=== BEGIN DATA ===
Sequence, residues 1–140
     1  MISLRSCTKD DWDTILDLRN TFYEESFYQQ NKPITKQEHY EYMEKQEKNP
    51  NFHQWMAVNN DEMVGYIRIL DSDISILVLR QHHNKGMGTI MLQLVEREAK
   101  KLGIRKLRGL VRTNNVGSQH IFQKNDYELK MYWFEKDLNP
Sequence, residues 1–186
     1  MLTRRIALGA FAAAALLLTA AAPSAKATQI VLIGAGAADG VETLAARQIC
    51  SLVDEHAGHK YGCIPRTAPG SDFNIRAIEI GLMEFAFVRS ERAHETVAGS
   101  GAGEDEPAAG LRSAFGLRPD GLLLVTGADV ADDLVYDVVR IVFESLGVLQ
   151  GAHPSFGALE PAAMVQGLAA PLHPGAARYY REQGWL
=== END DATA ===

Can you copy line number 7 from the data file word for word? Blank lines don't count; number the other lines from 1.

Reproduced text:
    51  SLVDEHAGHK YGCIPRTAPG SDFNIRAIEI GLMEFAFVRS ERAHETVAGS